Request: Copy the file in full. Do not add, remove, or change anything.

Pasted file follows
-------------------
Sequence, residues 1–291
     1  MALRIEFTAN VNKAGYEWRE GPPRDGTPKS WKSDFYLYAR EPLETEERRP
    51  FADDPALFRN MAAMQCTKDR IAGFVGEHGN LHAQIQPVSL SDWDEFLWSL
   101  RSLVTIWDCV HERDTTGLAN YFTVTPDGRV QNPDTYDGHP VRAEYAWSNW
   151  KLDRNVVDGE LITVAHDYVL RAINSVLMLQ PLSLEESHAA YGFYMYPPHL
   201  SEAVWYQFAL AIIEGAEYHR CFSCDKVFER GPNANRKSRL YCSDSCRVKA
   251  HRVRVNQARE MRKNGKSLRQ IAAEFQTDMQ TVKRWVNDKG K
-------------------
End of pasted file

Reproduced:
Sequence, residues 1–291
     1  MALRIEFTAN VNKAGYEWRE GPPRDGTPKS WKSDFYLYAR EPLETEERRP
    51  FADDPALFRN MAAMQCTKDR IAGFVGEHGN LHAQIQPVSL SDWDEFLWSL
   101  RSLVTIWDCV HERDTTGLAN YFTVTPDGRV QNPDTYDGHP VRAEYAWSNW
   151  KLDRNVVDGE LITVAHDYVL RAINSVLMLQ PLSLEESHAA YGFYMYPPHL
   201  SEAVWYQFAL AIIEGAEYHR CFSCDKVFER GPNANRKSRL YCSDSCRVKA
   251  HRVRVNQARE MRKNGKSLRQ IAAEFQTDMQ TVKRWVNDKG K